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What Is CMA in Real Estate?

real estate agent sitting at a table with a laptop explaning the factors that go into a comparative market analysis

If you’re considering listing your home on the market, you might want to review a comparative market analysis (CMA). What is a CMA in real estate, though?

But first, let’s talk about the current real estate market and why you’d be wise to review a CMA. 

According to Fortune Builders, over the last 12 months, housing market prices have increased by 18.2%. Inventory levels for new homes are also low, which could mean a great chance to take advantage of the market. 

So what is a CMA, and why should you review one? 

What Does the CMA Real Estate Term Mean?

If you’re still asking yourself, “What is CMA in real estate?” the name says it all. This is a comparison report of the local real estate market. Some realtors might refer to these CMAs as simply “comps“. 

These CMA reports can vary not only because of the market and location of your home but also what market variables your realtor feels best indicate the property’s value. 

Your realtor isn’t the only individual who can utilize the data to create a comprehensive CMA. An appraiser will also generate a real estate report. 

Only a licensed appraiser can issue a real estate appraisal. It needs to be said that a CMA is not an appraisal, which will be surprising for some new sellers. 

But this said, creating a CMA is a complex operation that combines many elements. Including the real estate market trends. Which, as we mentioned, is heavily favored towards the sellers. 

Also, a CMA should reflect a fair, unbiased assessment of property, which will give everyone involved a good understanding of the asking price.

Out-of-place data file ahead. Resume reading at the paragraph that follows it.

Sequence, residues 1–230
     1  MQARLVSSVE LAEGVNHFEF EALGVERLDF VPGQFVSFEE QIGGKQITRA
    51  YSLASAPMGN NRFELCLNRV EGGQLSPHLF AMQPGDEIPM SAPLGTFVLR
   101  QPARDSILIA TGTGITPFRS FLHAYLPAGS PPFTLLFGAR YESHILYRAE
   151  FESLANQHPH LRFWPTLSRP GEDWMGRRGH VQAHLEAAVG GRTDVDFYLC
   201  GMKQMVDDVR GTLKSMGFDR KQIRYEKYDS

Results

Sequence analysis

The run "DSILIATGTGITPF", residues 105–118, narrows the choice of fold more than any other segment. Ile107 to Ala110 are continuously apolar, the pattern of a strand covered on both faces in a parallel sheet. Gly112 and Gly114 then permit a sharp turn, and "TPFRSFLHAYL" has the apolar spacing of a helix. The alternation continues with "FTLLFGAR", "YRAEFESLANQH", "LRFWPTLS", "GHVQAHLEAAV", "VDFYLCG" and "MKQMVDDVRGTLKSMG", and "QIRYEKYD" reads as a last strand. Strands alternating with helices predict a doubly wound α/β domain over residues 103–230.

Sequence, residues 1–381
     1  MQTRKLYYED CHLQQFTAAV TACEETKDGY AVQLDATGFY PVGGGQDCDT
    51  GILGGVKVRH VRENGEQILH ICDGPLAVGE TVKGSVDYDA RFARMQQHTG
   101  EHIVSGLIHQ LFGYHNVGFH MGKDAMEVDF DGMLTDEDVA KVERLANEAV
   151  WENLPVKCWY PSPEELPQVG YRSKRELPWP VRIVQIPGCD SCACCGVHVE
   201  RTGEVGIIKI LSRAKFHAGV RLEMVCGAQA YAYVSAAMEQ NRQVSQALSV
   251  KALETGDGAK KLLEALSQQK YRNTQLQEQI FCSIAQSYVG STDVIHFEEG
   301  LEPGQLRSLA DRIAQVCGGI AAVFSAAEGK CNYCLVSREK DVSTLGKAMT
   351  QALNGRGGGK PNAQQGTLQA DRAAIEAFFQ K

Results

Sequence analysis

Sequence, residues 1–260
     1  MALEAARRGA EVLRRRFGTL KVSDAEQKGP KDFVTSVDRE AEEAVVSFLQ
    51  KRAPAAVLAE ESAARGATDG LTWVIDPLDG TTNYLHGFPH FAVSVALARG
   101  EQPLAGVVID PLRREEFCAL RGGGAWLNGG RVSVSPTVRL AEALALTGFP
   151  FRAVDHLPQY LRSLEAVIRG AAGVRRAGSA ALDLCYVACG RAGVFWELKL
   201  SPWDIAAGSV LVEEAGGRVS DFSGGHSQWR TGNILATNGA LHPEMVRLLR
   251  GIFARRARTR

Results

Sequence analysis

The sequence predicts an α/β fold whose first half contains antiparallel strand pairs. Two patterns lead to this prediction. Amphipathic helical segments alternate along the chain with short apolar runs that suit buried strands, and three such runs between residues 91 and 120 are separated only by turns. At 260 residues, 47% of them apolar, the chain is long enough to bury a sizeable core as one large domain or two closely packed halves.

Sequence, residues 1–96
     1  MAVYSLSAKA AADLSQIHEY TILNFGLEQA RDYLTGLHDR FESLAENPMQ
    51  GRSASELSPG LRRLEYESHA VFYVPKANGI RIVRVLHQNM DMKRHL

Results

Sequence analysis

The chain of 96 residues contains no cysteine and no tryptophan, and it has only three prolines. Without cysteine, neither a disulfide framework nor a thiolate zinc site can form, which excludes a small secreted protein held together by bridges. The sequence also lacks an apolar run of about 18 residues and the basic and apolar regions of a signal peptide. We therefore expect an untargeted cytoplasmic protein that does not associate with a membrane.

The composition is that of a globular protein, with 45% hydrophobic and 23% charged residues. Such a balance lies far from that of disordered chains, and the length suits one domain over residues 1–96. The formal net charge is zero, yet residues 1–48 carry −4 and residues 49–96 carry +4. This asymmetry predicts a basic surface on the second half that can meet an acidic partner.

Another note to make is that generating a CMA real estate report is not a necessary exercise. It is not required by the federal government and is done only for your information. 

But as the expression goes, those who don’t prepare, prepare to fail. 

So, why generate a CMA report if it’s not required by law?

Why Should You Prepare a CMA Report? 

If you are onboarding a realtor, you need to be on the same page about the pricing of the home. 

By simply going through the exercise of compiling a real estate CMA report with a realtor, you will also be able to tap into new insights into the market. 

They will be able to give your comparative market analysis tips and comparative market analysis guides. 

In some states, homeowners can hold realtors and their brokerages responsible for performing an uninformative CMA and mispresenting the facts. This means that your realtor needs to be your real estate CMA guide. 

If you are a homeowner that believes this has happened to you, you can file a complaint to the state’s real estate licensing commission. But you need them to compile a CMA. 

Homeowners who are successful and are found to be right can expect the guilty party to face disciplinary action. 

But, other factors that an adequately filed CMA report will reveal are:

  • Repairs that need to be made to the property
  • Estimations of timings
  • Highlight your property’s positive attributes
  • Professional opinion to back up the listing price

We’d strongly recommend getting an iValuation or home evaluation, even if you sell your home for cash and don’t need an appraisal. 

Let’s focus on what might be in a CMA report.

What Will Be In a Real Estate CMA?

A realtor’s first step is to research real estate trends in your area for the last three to six months. This comparative listings report will be taken from data of homes within a radius of a few blocks. 

For areas where it is difficult to tap into these statistics due to your home being very new or in a place where no one is selling (AKA: rural area), we’d suggest getting an appraiser in to do a more qualified assessment. 

But calling an appraiser will cost money, so if your agent can produce the document, allow them to use the tools at their access — namely, the Realtor’s Property Resource, a national home sales database. 

All these sales are listed on Multiple Listing Services (MLS), which will list those subscribed to the service who can access data about recently sold and bought properties. 

In some cases, agents might look up property tax records, as it is an excellent jumping-off point to set parameters for what the federal government has estimated the property’s value. 

However, these will usually be lower than the median price in the area. 

So, what are the other factors that change the CMA?

Location of Property